Butterfingers: Getting to Grips With Dyspraxia

Butterfingers: Getting to Grips With Dyspraxia

DISCLAIMER: I want to say that I still have bad days like everyone else. If you are struggling with mental health in any way, please do not use this as a guide, instead seek mental health services – we all need a helping hand sometimes.

When you think of a minor learning difficulty, often the issues that spring to mind are those to do with education and work, which are, of course important issues. But what about a person’s mental health, or the social impact on their lives?

Dyspraxia is a brain-based motor disorder that affects a person’s coordination, meaning that writing, sports and concentration can be difficult. I think people with any minor learning difficulty have either a fierce reluctance to accept societal labels or having been so suppressed, they have a sad acceptance of their situation. I was often dismissed from an early age due to my Dyspraxia and Dyslexia, being put into behavioural classes even though I had no signs of bad behaviour. Bullying, insecurity, and embarrassment left me at 16, feeling lost about where I fitted in.

I felt this great shame about the whole thing.

I went and worked at a carpentry workshop during my first summer after I left school. I still remember my boss’s face being red with anger because he couldn’t understand how I kept forgetting the stages to make a component. I would clumsily try my best, but in the end, I admitted it to him. I felt this great shame about the whole thing. The words I wish I was told were “Rome wasn’t built in a day“, because now these words mean so much to me.

I never quite knew my place; I tended to avoid sport or even drinking games like beer pong out of insecurity. I used to attend Muay Thai classes and deliberately turn up late; I would sit in the car, anxiety glueing me to my seat. Though, I was actually quite good at Muay Thai when I could concentrate. I would definitely suggest martial arts to anyone who needs a confidence boost. It is a good crowd of people who want you to succeed as much as they want to beat the hell out of you. Fighting has that adrenalin kick, and everyone starts at the same level; respect is earned and not given. When you are in the ring, you are alone, you only have yourself to rely on, and that ring is where you find your courage.

I hit her square in the face.

One day, I was doing pad work with one of the women who had just joined, showing her how to angle a punch and so on. When you are new to pad work, it is hard not to flinch as a leg, elbow, knee, or fist comes flying towards your face. So, this woman held a pad, and as I twisted my foot to add force behind my punch, I hit her square in the face. I found out later on that it was my sisters’ boss at the time. Ah, the clumsy guy strikes again.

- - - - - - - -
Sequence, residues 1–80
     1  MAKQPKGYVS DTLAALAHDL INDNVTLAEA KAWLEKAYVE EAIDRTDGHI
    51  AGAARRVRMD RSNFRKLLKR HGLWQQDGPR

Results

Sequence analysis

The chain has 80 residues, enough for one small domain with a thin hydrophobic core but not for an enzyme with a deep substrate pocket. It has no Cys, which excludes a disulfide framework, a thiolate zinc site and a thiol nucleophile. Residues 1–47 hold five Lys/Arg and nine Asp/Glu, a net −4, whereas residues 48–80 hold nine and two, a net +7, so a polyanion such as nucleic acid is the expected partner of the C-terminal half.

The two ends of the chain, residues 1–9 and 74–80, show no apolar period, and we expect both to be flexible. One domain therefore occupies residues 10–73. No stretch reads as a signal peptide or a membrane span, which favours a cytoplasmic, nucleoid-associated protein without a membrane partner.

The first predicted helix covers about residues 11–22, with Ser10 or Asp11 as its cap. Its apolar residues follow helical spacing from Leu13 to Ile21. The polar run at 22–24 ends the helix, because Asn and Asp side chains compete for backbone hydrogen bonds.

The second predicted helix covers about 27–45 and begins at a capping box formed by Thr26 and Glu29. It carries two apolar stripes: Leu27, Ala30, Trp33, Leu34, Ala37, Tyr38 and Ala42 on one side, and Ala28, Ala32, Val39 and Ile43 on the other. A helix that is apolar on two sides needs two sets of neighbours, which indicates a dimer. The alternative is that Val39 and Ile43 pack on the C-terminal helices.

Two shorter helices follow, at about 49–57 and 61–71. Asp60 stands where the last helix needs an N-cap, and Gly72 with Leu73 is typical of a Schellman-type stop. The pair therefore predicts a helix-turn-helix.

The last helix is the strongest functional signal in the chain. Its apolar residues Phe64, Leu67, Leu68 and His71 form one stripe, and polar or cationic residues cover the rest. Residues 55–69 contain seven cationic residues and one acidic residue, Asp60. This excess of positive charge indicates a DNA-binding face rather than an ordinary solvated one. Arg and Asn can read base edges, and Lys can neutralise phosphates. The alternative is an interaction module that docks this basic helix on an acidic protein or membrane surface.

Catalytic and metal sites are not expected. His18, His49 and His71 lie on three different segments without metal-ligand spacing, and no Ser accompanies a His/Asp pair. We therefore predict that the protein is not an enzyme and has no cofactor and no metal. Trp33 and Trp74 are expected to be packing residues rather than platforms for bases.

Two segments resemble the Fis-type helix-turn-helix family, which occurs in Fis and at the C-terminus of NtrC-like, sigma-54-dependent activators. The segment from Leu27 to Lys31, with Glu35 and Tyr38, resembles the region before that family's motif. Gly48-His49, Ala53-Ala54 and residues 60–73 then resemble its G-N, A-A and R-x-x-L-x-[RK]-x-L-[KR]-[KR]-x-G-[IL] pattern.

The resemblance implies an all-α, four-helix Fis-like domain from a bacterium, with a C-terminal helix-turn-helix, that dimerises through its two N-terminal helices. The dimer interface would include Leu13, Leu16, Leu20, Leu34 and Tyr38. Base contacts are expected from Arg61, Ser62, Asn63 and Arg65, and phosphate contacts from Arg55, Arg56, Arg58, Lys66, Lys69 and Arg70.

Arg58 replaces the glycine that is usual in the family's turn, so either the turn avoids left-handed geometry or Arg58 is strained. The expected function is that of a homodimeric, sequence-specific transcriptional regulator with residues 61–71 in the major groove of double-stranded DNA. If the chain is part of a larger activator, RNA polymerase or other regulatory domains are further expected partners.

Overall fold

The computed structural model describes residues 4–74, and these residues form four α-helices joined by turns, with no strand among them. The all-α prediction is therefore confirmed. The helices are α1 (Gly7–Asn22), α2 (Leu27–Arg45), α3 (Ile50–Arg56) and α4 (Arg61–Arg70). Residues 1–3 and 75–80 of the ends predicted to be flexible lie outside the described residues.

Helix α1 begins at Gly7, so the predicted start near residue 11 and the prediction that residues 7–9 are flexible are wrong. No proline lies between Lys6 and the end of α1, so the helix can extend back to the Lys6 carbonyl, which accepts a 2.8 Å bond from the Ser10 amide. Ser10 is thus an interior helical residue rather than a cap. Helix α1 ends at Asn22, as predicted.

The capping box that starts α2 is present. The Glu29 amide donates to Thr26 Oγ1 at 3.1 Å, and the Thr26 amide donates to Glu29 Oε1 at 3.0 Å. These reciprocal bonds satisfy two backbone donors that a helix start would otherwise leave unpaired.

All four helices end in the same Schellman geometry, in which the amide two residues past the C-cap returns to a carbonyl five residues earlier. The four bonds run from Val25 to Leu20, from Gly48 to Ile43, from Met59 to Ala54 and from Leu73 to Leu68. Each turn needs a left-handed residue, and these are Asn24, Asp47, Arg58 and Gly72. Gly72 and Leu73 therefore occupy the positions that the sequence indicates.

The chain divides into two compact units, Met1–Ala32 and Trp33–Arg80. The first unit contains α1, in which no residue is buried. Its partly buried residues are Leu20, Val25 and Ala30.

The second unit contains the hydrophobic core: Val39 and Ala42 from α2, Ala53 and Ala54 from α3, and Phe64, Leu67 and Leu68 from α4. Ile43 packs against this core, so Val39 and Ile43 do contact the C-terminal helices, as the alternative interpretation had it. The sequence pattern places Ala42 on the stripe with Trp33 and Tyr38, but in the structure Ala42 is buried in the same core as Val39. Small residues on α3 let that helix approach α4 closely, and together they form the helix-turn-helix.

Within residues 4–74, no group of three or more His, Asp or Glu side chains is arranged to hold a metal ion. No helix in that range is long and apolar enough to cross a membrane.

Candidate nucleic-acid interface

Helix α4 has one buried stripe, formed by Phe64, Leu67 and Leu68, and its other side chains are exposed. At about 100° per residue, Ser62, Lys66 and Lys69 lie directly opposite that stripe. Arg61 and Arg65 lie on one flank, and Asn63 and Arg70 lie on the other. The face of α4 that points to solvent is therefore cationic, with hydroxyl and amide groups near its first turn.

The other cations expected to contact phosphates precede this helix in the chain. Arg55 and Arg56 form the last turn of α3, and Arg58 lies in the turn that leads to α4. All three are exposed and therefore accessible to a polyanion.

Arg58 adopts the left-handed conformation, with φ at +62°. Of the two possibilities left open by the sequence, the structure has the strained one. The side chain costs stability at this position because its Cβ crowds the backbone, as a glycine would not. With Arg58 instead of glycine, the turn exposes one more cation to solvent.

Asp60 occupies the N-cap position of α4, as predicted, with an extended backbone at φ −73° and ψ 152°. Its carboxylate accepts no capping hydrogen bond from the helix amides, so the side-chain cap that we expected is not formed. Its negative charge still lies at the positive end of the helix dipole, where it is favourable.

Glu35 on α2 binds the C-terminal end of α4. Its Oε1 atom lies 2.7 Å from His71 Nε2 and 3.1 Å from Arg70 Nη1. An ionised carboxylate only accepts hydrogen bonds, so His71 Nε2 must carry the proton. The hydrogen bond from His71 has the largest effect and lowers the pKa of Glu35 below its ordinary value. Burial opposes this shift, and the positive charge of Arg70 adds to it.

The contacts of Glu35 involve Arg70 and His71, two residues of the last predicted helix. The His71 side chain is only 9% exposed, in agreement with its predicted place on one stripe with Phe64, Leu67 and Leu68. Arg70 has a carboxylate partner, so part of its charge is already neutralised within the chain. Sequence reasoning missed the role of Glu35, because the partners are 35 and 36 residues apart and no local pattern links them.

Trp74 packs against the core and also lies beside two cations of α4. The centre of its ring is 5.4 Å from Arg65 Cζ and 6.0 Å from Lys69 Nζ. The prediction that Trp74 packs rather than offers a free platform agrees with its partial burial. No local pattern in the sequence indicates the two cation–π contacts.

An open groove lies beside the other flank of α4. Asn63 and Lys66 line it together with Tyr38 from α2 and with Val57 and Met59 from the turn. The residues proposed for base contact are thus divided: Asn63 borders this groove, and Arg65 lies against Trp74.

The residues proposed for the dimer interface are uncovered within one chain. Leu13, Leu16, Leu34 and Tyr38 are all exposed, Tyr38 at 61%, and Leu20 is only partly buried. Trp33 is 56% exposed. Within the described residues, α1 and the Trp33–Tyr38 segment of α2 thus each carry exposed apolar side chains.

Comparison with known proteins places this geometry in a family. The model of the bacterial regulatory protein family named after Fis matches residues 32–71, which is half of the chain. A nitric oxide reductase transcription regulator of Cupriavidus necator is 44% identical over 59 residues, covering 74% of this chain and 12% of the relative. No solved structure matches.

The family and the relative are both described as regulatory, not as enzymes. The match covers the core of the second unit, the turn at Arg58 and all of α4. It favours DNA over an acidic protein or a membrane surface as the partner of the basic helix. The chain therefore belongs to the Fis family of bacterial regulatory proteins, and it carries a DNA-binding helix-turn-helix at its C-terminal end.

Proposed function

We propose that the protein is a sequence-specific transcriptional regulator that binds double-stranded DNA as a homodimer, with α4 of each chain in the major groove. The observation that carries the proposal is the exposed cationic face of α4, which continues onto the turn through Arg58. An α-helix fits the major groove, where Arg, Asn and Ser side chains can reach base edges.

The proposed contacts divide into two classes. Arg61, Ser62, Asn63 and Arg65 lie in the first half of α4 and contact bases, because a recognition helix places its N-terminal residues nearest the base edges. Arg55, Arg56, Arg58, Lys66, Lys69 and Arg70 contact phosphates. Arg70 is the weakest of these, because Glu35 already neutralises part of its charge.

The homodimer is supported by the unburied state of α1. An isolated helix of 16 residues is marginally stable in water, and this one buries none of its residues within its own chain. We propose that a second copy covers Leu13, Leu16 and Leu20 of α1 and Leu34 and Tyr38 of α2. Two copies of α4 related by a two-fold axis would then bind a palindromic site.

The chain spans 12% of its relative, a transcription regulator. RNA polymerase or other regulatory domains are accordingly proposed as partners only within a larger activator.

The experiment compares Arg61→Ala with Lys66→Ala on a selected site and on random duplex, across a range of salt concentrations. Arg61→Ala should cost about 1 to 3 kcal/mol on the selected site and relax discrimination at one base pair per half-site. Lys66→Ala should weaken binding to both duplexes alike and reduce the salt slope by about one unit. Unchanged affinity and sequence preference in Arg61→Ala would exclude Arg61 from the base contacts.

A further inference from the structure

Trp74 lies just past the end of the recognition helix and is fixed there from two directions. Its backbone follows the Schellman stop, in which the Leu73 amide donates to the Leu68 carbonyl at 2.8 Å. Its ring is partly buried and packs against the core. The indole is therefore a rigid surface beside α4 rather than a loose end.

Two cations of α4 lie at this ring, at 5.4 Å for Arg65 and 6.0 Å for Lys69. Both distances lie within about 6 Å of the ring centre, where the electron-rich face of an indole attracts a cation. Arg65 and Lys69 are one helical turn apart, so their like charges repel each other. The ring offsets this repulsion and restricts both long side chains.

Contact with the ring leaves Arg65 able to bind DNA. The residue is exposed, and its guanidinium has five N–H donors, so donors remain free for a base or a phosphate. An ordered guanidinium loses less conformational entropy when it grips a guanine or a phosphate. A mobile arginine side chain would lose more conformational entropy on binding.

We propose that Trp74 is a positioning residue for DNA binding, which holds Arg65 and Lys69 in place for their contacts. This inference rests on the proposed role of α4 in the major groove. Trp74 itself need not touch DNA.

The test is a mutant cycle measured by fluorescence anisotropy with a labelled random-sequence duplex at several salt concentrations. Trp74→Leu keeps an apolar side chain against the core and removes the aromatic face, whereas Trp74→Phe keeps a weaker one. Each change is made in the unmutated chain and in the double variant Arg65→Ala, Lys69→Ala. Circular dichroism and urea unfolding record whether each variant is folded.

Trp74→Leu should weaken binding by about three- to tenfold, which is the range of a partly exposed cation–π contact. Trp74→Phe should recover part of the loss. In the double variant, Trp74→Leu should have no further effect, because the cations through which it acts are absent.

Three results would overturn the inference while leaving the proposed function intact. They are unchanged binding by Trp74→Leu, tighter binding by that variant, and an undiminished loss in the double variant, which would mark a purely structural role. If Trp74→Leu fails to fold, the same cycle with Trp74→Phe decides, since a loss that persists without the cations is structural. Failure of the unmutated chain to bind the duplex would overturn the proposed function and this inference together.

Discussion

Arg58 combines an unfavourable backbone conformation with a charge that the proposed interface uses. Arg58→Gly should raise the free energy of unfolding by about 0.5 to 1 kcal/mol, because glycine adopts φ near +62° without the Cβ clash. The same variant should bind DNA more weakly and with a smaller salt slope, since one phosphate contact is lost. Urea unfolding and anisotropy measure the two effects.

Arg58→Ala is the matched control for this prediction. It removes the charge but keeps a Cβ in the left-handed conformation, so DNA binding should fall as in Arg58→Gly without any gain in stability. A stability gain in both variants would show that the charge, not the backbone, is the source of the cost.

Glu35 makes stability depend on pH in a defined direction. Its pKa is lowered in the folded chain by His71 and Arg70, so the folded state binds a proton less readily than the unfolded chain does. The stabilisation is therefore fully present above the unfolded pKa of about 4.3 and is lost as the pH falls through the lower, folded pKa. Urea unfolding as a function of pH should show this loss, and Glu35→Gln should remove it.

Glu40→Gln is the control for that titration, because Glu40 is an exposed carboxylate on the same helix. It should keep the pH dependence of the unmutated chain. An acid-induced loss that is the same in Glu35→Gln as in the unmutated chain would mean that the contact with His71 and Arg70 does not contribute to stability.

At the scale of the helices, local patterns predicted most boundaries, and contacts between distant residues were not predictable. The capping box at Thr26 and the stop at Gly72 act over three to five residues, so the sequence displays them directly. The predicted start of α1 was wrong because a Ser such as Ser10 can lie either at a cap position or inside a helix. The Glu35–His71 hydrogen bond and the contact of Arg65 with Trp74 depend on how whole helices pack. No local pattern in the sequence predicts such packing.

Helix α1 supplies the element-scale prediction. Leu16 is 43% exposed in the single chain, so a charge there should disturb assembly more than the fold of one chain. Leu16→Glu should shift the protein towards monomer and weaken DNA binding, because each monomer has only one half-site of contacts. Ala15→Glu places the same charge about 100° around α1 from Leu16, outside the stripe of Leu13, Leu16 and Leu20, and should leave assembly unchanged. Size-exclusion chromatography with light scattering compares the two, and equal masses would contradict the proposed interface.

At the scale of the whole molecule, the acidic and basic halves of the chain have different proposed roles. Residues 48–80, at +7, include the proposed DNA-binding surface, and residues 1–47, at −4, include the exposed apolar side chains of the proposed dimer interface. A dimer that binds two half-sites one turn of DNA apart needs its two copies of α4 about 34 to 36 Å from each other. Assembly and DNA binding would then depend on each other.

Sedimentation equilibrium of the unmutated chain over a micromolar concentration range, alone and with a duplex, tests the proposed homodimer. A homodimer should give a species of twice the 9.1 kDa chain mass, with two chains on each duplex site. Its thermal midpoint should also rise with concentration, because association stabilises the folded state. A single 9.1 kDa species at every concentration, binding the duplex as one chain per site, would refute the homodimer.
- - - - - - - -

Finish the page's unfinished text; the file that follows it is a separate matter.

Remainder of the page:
I was often treated like I was not good for anything – which by the way, is never true. My fierce reluctance often kept me pushing myself against people’s negative expectations of me. This led me to hardly tell anyone that I had these impairments. This was a matter of principle for me; firstly, I was fiercely independent. Secondly, I did not want to be doubted.

The definition of definition is reinvention.

We all need a positive role model, yet the action heroes and boxers I admired were just unrealistic. I needed someone I could relate to. That’s when I stumbled on an article by Henry Rollins on weight lifting. He speaks about his progress from a clumsy bullied kid to a self-confident man. The opening sentence hooked me, and I remember stopping and taking in these words: “I believe that the definition of definition is reinvention. To not be like your parents. To not be like your friends. To be yourself.”

That is when I got into fitness, seriously. I would run the most challenging route I could find. I found an uphill slog, and that summer, I ran it every day, sweating and grunting but embracing the challenge.  I would work out every other day, lifting really lightweight and increasing, trying not to lift my ego but my arms. The progress was like the hill I climbed, of course, slow, but the mental benefits and life skills I developed up that hill every day were invaluable. Triumph is pushing yourself further than the previous day, and failure was never considered.

Weightlifting is perfect for someone who is dyspraxic.

Reinvention is an essential step in overcoming that insecurity. Weightlifting is perfect for someone who is dyspraxic, especially if you are insecure (like I was and still can be at times!). The movements are simple, and the goal is more accessible than most sports. As Rollins says, “The Iron never lies to you.” And those are some honest words. When I came to meet that hill every day or come in from a long day and have to work out, it is bluntly facing you. There is no way around it. When you pick up that weight or go for that run, you are not only physically accepting the challenge, but you are also agreeing to improve yourself.

I took control of my dyspraxia by reinventing my self-image. By empowering yourself, it takes the power away from those who have previously dismissed you, and puts it back into your hands. The incredible thing is anyone can do it – even if you are clumsy like I am. And nobody can take that achievement away from you.

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